Manipulating the (blog) market

Freshness Warning
This article is over 16 years old. It's possible that the information you read below isn't current.

I’m wondering how much influence a single blog can have on the Blogshares price of a blog. For instance, I am now the majority shareholder in a blog called the Spastic Yak. Yay for me. On a related note, my blog has an outgoing link value of nearly $900. So what happens when I link to said Spastic Yak? Will the share price shoot up and make me a rich man?

Protect and Gamble
April 17, 2003 7:46 PM

Not much, instead of being worth $0.49 your shares would be worth $0.18 more, that's $0.67. Since you have 3900 shares, that brings your investment from $1911 to $2613, that's a small $702 more. Now when Movable Type links to somewhere, it sends it an additionnal value of $20000.

Adam Kalsey
April 17, 2003 10:29 PM

Since I wasn't seriously playing Blogshares, I didn't spend much time figuring out how it works. But now that I've RTFM (read the fine manual), that makes perfect sense. But since the stock price went up when I bought all those shares, my initial investment was only $1092. So that $2613 is a fair increase in value.

Trey
April 24, 2003 10:31 AM

Actually, I don't think linking to the blog will _necessarily_ raise its price. Only selling/buying change the price. What it will do (when it is indexed next time) is lower its P/E making the blogshare more 'attractive', and thus more people might buy the blogshare and THEN the price will go up (and I have a sneaking suspicion that the amount the price goes up actually depends on the P/E, but I'm not sure). But if no one buys the blogshare, even with its greater valuation/lower P/E, the price won't change. (for example, if all shares are already owned, none can be bought, price remains the same) At least that is my take

Adam Kalsey
April 24, 2003 11:49 AM

Blogshares does use incoming links to value the blog. That's what the "outgoing link value" is all about. How much links from your blog are worth to other blogs. The p/e is then used to calculate how much the blog value and incoming link affects the share price. The reason that my experiment didn't work is that Blogshares didn't index this site for a few days. And when it did, the link had falled off the front page.

Your comments:

Text only, no HTML. URLs will automatically be converted to links. Your email address is required, but it will not be displayed on the site.

Name:

Not your company or your SEO link. Comments without a real name will be deleted as spam.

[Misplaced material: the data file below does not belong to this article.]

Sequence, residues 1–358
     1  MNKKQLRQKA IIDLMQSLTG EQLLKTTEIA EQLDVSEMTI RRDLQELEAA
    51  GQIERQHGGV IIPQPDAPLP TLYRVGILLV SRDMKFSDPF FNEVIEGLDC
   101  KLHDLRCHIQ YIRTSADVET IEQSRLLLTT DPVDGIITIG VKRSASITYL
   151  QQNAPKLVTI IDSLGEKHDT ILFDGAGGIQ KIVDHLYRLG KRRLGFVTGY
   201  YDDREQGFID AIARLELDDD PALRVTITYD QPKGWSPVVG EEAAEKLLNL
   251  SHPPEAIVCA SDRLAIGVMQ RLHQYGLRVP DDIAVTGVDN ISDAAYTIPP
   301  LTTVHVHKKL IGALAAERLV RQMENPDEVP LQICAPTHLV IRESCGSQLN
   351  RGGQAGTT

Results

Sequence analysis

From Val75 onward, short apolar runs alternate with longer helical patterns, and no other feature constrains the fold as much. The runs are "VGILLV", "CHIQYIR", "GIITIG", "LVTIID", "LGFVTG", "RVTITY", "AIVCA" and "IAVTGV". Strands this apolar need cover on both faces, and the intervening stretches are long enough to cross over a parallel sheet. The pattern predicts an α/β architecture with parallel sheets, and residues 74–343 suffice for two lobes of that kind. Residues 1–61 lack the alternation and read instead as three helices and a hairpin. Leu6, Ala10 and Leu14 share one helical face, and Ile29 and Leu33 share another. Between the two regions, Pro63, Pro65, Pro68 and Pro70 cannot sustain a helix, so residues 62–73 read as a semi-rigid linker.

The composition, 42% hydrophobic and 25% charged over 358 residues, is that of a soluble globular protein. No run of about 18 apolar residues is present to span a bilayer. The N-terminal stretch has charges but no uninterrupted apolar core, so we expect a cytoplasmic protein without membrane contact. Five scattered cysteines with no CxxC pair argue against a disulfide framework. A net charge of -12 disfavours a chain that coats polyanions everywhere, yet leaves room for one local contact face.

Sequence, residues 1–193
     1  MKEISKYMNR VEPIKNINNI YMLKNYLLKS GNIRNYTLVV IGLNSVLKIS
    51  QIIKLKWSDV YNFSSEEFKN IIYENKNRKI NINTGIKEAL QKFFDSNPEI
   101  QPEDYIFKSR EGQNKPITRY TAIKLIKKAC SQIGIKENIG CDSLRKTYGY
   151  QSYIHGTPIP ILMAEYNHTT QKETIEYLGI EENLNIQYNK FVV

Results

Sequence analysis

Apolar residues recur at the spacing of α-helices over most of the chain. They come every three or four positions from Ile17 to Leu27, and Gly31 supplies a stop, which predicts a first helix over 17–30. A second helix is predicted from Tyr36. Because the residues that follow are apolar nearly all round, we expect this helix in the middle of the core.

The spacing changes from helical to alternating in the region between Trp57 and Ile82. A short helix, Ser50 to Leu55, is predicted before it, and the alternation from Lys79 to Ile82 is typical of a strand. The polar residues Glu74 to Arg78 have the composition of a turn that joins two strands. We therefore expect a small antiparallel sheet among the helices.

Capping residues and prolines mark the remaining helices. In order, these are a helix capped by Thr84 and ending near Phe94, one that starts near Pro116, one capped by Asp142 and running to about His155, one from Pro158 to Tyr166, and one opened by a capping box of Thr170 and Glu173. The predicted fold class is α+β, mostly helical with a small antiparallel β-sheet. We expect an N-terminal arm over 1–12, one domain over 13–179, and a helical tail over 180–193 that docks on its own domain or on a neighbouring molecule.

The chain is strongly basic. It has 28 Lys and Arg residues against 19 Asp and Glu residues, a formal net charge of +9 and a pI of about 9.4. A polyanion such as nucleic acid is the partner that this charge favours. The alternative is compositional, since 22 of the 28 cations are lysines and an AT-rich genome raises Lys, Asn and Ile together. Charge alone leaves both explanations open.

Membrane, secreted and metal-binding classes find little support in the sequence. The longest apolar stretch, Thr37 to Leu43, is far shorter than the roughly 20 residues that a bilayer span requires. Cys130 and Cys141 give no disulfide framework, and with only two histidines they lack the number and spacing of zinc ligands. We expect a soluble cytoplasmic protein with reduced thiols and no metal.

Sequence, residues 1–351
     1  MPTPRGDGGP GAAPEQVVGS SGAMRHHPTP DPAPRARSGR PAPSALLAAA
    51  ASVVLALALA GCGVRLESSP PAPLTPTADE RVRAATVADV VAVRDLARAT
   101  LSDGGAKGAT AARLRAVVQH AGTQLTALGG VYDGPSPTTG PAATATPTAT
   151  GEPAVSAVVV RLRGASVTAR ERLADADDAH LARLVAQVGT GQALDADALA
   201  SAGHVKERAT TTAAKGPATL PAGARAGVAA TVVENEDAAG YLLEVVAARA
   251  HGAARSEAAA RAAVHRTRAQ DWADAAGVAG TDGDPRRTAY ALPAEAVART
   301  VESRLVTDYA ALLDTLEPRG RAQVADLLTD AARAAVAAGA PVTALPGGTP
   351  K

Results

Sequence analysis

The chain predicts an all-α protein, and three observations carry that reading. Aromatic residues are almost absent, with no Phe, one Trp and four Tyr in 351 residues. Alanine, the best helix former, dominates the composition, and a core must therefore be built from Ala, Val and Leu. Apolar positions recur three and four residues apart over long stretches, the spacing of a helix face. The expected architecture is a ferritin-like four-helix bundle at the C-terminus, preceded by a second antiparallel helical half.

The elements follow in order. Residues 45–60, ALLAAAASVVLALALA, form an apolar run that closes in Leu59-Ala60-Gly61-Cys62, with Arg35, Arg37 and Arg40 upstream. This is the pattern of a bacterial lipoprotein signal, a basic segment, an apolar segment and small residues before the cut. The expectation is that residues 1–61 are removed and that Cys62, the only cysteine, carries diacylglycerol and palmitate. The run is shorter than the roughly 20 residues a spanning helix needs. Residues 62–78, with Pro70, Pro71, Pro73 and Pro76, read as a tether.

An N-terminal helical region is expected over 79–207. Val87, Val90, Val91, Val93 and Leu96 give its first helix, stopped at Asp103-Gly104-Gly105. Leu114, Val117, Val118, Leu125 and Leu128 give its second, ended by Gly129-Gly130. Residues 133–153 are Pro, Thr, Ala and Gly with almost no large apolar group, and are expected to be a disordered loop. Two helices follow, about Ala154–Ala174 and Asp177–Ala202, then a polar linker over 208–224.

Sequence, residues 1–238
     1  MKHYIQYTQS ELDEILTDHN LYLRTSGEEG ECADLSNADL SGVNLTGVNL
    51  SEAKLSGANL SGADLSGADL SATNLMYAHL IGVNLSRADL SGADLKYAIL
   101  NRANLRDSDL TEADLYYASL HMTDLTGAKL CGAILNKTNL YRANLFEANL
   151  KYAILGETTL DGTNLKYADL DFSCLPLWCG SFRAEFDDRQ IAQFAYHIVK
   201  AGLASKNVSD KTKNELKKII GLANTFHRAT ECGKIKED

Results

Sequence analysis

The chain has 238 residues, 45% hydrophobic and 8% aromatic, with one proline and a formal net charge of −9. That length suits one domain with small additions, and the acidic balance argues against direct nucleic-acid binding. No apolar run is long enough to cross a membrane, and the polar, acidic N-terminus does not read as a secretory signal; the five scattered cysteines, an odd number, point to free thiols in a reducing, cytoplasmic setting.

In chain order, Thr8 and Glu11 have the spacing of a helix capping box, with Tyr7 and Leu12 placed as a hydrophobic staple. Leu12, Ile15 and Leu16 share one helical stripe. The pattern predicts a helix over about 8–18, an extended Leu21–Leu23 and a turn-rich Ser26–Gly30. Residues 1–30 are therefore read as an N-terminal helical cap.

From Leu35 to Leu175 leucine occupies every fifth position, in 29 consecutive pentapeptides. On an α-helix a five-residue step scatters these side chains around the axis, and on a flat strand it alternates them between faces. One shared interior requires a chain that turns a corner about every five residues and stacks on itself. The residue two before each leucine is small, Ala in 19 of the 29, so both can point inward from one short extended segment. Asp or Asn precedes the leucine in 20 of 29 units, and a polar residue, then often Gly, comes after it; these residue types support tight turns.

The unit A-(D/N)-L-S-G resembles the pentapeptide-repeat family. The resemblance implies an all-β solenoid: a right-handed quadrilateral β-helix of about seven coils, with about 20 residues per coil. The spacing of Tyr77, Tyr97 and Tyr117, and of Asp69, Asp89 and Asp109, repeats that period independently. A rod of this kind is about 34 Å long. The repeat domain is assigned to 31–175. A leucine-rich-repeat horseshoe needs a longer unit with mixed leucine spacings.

Email: (not displayed)

If you don't feel comfortable giving me your real email address, don't expect me to feel comfortable publishing your comment.

Website (optional):

Follow me on Twitter

Best Of

  • Simplified Form Errors One of the most frustrating experiences on the Web is filling out forms. When mistakes are made, the user is often left guessing what they need to correct. We've taken an approach that shows the user in no uncertain terms what needs to be fixed.
  • Pitching Bloggers Forget what you learned in your PR classes. Start acting like a human instead of a marketer, and the humans behind the blogs will respond.
  • How not to apply for a job Applying for a job isn't that hard, but it does take some minimal effort and common sense.
  • Embrace the medium The Web is different than print, television, or any other medium. To be successful, designers must embrace those differences.
  • Newly Digital Newly Digital is an experimental writing project. I've asked 11 people to write about their early experiences with computing technology and post their essays on their weblogs. So go read, enjoy, and then contribute. This collection is open to you. Write up your own story, and then let the world know about it.
  • More of the best »

Recently Read

Get More

Subscribe | Archives

Recently

Building the Customer-Informed Product (Aug 15)
Strong products aren't composed of a list of features dictated by customers. They are guided by strong visions, and the execution of that vision is the primary focus of product development.
Assumptions and project planning (Feb 18)
When your assumptions change, it's reasonable that your project plans and needs change as well. But too many managers are afraid to go back and re-work a plan that they've already agreed to.
Feature voting is harmful to your product (Feb 7)
There's a lot of problems with using feature voting to drive your product.
Encouraging 1:1s from other managers in your organization (Jan 4)
If you’re managing other managers, encourage them to hold their own 1:1s. It’s such an important tool for managing and leading that everyone needs to be holding them.
One on One Meetings - a collection of posts about 1:1s (Jan 2)
A collection of all my writing on 1:1s
Are 1:1s confidential? (Jan 2)
Is the discussion that occurs in a 1:1 confidential, even if no agreed in the meeting to keep it so?
Skip-level 1:1s are your hidden superpower (Jan 1)
Holding 1:1s with peers and with people far below you on the reporting chain will open your eyes up to what’s really going on in your business.
Do you need a 1:1 if you’re regularly communicating with your team? (Dec 28)
You’re simply not having deep meaningful conversation about the process of work in hallway conversations or in your chat apps.

Subscribe to this site's feed.

Contact

Adam Kalsey

Mobile: 916.600.2497

Email: adam AT kalsey.com

Twitter, etc: akalsey

Resume

PGP Key

©1999-2019 Adam Kalsey.